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Symphony performance deserving of love

Feb. 7, 2015

by James Chaudoir, Post Crescent

Valentine’s Day came early for those who attended Saturday’s program by the Fox Valley Symphony Orchestra, titled, “Symphonic Romance.”

The concert at the Fox Cities Performing Arts Center in Appleton opened with a moving performance of Richard Wagner’s “Siegfried Idyll.” Though originally scored for an ensemble of 13 solo instrumentalists, the version performed in this program was with a full complement of strings.

The violins open the piece with a gentle octave leap and are immediately joined by the rest of the string section who set the melodic character and harmonic tone of the music. It is not until about two minutes into the work before the winds begin to enter, at first in an obbligato role, and then coming to the fore.

The orchestra’s performance was moving, tender, and with much eloquence, truly fitting the distinctive character of Wagner’s score.

Romantic connection? Wagner composed “Siegfried Idyll” as a birthday/Christmas gift for his wife Cosima on her 33rd birthday. It was first performed on the morning of Christmas Day, 1870.

Tchaikovsky’s “Romeo and Juliet Overture – Fantasy” is quite the tour-de-force in orchestral writing, and a stirring contrast to Wagner’s work, which opened the program.

Though primarily known for its famous “love theme,” there is so much more in the work to be heard. A challenging piece, both musically and technically, the orchestra was up for the task, providing all the tension and drama that the score demands.

Maestro Brian Groner’s knowledge of the score provided keen insight into Tchaikovsky’s intricate orchestrational details. The musicians followed his direction closely and to the point, never wavering, performing with rhythmic clarity, while creating the multiple hues of orchestral color set forth by the composer.

Be it passages of quiet chords, rhythmic energy filled with brass and percussion, or the unrestrained, broad melodic gestures in the return of the stirring “love theme,” this was indeed a stirring performance of this magnificent piece of music.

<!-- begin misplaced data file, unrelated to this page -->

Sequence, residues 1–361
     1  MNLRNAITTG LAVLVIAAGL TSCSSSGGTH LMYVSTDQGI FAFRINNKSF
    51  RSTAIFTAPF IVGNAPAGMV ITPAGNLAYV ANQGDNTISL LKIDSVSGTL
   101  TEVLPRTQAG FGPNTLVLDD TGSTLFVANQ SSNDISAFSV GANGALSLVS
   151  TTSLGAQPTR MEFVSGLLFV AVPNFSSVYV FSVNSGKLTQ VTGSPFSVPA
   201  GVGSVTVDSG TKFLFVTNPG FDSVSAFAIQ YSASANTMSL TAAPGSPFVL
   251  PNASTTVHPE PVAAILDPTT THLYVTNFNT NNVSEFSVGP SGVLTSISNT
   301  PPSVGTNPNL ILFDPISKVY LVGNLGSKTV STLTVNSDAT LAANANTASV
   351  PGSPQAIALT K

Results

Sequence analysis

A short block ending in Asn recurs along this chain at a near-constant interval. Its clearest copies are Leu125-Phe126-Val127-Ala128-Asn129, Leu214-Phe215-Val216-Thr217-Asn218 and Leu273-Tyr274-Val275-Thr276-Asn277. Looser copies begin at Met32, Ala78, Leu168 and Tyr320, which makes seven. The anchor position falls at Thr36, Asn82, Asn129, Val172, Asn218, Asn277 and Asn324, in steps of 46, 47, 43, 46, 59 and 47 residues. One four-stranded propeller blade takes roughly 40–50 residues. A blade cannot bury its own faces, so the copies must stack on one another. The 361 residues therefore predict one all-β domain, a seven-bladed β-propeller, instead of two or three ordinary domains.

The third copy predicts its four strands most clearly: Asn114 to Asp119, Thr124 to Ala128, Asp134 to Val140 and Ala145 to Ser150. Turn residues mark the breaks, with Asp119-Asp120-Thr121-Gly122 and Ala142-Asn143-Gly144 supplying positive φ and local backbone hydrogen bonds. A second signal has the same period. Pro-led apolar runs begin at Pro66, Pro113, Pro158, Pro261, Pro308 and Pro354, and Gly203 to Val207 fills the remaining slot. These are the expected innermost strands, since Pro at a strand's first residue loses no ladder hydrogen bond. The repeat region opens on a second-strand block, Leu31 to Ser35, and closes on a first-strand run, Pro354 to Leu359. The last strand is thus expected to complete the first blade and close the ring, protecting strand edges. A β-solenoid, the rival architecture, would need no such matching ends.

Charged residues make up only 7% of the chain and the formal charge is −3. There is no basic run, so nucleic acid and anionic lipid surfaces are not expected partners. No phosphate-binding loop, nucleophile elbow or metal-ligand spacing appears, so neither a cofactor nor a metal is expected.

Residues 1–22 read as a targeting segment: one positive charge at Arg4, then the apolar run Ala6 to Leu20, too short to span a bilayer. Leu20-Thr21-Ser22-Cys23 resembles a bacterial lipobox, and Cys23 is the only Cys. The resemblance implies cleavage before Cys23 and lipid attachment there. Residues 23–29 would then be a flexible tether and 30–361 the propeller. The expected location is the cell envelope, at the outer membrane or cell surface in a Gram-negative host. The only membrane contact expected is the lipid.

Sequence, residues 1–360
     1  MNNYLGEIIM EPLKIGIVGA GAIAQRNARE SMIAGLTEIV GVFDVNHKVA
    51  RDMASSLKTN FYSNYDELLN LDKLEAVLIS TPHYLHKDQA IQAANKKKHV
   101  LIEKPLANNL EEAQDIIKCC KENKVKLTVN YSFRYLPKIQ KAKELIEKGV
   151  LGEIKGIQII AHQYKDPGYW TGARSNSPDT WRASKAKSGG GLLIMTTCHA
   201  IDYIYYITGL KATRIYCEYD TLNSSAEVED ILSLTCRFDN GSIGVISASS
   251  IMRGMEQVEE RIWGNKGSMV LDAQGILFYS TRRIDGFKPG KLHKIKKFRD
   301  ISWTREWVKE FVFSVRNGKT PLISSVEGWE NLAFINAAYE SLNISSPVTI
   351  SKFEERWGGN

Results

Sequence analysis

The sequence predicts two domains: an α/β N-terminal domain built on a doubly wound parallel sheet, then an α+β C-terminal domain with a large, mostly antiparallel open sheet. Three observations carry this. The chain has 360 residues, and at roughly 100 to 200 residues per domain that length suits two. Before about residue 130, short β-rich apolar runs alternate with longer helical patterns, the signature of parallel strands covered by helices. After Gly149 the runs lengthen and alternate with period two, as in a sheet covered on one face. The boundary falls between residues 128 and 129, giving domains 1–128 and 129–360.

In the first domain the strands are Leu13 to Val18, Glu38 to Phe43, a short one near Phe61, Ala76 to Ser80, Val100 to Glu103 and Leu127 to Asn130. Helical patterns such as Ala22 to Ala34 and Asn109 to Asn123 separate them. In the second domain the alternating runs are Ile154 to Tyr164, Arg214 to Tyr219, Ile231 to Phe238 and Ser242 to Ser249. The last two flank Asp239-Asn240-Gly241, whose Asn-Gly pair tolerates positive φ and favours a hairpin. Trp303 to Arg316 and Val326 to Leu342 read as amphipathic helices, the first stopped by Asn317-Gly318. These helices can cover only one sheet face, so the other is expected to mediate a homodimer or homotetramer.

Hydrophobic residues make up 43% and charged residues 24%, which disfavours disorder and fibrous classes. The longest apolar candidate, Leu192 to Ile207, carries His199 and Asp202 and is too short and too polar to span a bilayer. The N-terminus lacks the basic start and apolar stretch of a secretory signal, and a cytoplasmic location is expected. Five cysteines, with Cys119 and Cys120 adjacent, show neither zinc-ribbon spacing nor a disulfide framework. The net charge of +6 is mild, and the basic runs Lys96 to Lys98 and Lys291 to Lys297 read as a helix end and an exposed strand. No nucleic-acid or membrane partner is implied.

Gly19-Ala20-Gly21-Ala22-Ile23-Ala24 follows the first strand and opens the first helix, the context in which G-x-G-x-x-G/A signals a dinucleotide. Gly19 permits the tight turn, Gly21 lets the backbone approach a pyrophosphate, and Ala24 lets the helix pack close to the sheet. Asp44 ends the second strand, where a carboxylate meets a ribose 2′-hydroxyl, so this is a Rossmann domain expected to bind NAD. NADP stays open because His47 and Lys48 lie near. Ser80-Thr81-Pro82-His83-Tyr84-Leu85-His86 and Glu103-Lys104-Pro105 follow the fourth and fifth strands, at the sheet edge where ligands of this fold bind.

During intermission, the winner of the Fox Valley Symphony Youth Orchestras ensemble competition, a brass quintet called “No Strings Attached,” performed their competition piece for the audience. As always, it is good to hear the future of our music community in performance. Congratulations to all who participated.

Gerald Finzi’s “Romance,” Op. 11, provided a bit of a respite from the larger works programmed for the evening. Scored for strings alone, it is composed very much in the style of other well-known string orchestra works by English composers of the twentieth-century, namely Elgar and Vaughan Williams.

The beauty of this piece is the way Finzi utilizes the strings, by dividing the voices into multiple parts, scoring one player on a part, and writing extended passages for violin solo. The solo passages were exquisitely played by concert master Yuliya Smead.

The final work of the evening was a riveting performance of Leonard Bernstein’s exciting “Symphonic Dances from West Side Story.” Again, we turn to the Romeo and Juliet story, but this time, rival gangs of New York City replace the Montagues and the Capulets.

The Symphonic Dances flow as one continuous piece taking the listener through many of the familiar tunes from the musical, while focusing on the rhythmic differences of each. Extra percussion, and a saxophone were brought on stage for the performance.

Opening with the “Prologue,” the spirit of the piece is set, with the sense of jazz and dance prevailing, finger snapping and all. We hear “Maria” in cha-cha rhythm, “Mambo,” “Cool” and a dramatic scoring of “Somewhere” as the music unfolds.

After hearing the Tchaikovsky’s Romeo and Juliet, it is hard to imagine how that performance could have been surpassed; this did it. The orchestra was totally focused and played with exceptional precision, and was never in doubt as to what was demanded of their skills.

Again, Groner’s brilliant conducting held the orchestra tight, and allowed the music to resound to its fullest.

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